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Edwin Jackson gave up eight early runs but remarkably got off the hook.
Hitting highlight: It had been a rough few days for Harper, who faced a steady stream of sliders and other assorted junk on the outside corner (or beyond) from the Rockies' pitching staff, especially left-handers. To his credit, Harper hung tough and wound up making Colorado's right-handers pay in the end. He delivered an RBI single off Josh Roenicke in the fifth, then destroyed a pitch from closer Rafael Betancourt to deep right-center in the ninth, his eighth career homer the game-tying homer.
Pitching lowlight: What's going on with Jackson? His velocity has been down in each of his last two starts -- his fastball, which normally averages about 94 mph, has dropped to the 89-91 mph range -- and he paid the price for it today. Jackson was pounded for five runs in the bottom of the first, then two more in the bottom of the second. He retired the side in the third inning, but after allowing a leadoff single in the fourth, he got a quick hook from Davey Johnson. Clearly miffed by that managerial decision, Jackson trudged off the field. He didn't have much of a case, though: Over the course of those three-plus innings, he saw his ERA skyrocket from 2.91 to 3.57.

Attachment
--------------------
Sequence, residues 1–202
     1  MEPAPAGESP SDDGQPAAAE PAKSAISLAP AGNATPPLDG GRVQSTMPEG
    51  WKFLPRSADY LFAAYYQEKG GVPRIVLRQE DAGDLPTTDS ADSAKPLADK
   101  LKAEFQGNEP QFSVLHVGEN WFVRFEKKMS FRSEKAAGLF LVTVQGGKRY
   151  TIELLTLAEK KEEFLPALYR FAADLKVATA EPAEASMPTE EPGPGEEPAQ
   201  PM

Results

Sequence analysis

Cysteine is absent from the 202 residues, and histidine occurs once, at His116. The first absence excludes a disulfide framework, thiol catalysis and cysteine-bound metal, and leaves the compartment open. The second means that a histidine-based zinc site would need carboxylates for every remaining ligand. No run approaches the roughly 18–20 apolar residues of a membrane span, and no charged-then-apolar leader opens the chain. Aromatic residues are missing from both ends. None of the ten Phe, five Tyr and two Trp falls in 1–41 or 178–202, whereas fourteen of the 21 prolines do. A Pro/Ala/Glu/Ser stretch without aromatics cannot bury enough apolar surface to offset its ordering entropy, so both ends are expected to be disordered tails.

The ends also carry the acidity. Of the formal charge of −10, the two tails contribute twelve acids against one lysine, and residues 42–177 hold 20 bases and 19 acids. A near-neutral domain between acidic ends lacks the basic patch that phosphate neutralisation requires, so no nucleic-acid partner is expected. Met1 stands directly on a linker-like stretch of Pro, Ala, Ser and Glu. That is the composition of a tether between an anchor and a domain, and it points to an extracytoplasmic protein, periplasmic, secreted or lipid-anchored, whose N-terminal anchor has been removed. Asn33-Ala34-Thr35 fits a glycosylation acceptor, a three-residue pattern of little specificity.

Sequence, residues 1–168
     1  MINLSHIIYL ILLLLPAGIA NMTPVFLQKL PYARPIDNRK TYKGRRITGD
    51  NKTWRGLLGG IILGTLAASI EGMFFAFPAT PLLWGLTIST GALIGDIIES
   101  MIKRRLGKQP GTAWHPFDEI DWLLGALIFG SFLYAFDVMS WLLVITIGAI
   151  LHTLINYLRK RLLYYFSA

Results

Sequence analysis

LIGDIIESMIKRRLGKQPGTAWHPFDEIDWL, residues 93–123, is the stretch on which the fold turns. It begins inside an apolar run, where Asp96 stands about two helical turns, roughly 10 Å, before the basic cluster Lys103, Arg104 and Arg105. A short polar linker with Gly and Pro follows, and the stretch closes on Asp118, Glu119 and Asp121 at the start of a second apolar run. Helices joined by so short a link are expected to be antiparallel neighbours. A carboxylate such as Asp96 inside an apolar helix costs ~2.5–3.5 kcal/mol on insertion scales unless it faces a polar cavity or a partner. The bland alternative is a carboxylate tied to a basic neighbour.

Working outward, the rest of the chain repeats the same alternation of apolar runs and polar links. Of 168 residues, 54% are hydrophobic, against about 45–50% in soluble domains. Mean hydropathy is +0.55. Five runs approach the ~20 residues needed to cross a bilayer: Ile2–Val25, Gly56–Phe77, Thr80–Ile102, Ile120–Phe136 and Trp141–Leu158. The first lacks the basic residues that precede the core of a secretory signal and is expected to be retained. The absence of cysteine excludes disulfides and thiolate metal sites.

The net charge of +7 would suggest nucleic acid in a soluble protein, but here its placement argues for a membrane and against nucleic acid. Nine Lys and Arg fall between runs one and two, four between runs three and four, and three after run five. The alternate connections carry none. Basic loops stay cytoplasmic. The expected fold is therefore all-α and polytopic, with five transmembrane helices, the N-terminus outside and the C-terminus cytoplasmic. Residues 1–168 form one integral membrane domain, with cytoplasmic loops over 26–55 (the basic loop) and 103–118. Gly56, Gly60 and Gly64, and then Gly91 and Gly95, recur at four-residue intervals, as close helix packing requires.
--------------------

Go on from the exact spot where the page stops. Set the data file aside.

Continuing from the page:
Key stat: The Nats are in the middle of a stretch of eight consecutive games played at eight different starting times: 6:40 p.m., 3:10 p.m., 7:35 p.m., 4:05 p.m., 1:35 p.m., 6:35 p.m., 11:05 a.m., 7:05 p.m.
Up next: After four wild games in the thin air of Colorado, the Nationals return to division play this weekend in Atlanta. Lefty Ross Detwiler will face right-hander Randall Delgado at 7:35 p.m. Friday in the series opener at Turner Field.